Ten of the first 12 United States presidents were slave masters.
In this brisk history, Holland (Black Men Built the Capitol: Discovering African American History In and Around Washington, D.C., 2007), Washington correspondent for the Associated Press, examines the tangled relationships between slaves and the presidents they served, from George Washington to Ulysses S. Grant, and exposes the convoluted laws enacted to impede slaves’ quests for freedom. Of the first 12 presidents, only John Adams and his son John Quincy Adams, fierce opponents of slavery, did not own slaves, thereby incurring heavy costs for domestic help to maintain the White House. Although some slaves’ lives have been lost to history, Holland creates a vivid portrait of many, including William Lee, who worked as Washington’s “body servant,” and Oney Judge, born at Mount Vernon, who was Martha Washington’s favorite. They were among some 150 slaves that Washington amassed by the time of the Revolution, many bought by his wife. Martha cherished Oney, and she was devastated when the woman fled from servitude. Tracked down, Oney was told that the Washingtons would free her when she returned to them—but she didn’t believe the offer. “I am free now and choose to remain so,” she replied. Holland reprises Jefferson’s connection to the Hemings family, whose descendants claimed that he fathered Sally Hemings’ children, and he reveals that even presidents who spoke against slavery kept slaves to run their farms and work on their land. James Madison, convinced that slaves should not be freed into white America, founded the American Colonization Society, “dedicated to freeing slaves and transporting them to the west coast of Africa.” James Monroe, Henry Clay, and Andrew Jackson also endorsed that idea. Several thousand freed slaves were sent to Liberia from 1820 to 1840; in honor of Monroe, the capital was renamed Monrovia.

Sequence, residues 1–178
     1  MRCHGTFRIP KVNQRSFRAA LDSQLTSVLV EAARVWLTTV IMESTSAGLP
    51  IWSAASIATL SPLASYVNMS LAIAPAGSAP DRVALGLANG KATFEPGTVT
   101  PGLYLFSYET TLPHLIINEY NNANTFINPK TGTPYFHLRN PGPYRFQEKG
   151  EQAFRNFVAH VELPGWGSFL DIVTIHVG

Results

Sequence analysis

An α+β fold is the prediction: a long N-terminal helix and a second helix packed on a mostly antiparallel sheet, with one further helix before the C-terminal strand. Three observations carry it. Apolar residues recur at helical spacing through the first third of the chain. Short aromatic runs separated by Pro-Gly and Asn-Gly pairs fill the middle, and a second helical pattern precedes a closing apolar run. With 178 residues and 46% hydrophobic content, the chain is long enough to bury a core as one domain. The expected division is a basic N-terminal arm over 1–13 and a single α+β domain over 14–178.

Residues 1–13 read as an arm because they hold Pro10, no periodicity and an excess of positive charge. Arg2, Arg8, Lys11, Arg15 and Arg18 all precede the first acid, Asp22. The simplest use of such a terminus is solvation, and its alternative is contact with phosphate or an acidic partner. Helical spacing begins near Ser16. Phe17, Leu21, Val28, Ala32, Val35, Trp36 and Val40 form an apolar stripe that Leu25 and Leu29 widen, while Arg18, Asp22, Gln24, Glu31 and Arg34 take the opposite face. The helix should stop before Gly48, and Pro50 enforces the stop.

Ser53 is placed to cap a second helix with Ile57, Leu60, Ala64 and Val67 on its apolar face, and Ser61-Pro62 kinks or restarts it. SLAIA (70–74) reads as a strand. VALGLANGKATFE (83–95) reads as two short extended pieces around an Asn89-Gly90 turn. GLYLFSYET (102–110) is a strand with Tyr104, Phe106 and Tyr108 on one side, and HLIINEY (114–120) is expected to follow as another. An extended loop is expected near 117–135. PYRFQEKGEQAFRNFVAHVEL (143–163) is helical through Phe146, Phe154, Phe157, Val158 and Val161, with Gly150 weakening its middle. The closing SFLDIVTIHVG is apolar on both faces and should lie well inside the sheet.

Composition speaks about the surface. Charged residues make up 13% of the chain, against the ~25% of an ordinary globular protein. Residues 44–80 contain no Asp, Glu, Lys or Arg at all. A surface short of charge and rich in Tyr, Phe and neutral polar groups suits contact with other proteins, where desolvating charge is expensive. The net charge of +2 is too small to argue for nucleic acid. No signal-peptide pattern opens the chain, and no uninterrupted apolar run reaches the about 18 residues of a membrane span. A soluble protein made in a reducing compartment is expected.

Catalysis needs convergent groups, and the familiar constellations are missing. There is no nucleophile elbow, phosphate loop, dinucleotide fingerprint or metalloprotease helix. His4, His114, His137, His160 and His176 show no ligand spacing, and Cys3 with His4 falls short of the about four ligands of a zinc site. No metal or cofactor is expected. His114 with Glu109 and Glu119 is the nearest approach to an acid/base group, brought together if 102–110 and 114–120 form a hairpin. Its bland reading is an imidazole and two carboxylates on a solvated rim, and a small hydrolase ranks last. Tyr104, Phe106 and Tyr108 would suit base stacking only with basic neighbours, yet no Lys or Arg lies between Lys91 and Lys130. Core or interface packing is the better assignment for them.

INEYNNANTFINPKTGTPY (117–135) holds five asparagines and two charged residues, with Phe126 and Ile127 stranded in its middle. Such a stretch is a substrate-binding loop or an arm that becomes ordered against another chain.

A quick, informative history of a lamentable chapter in America’s past.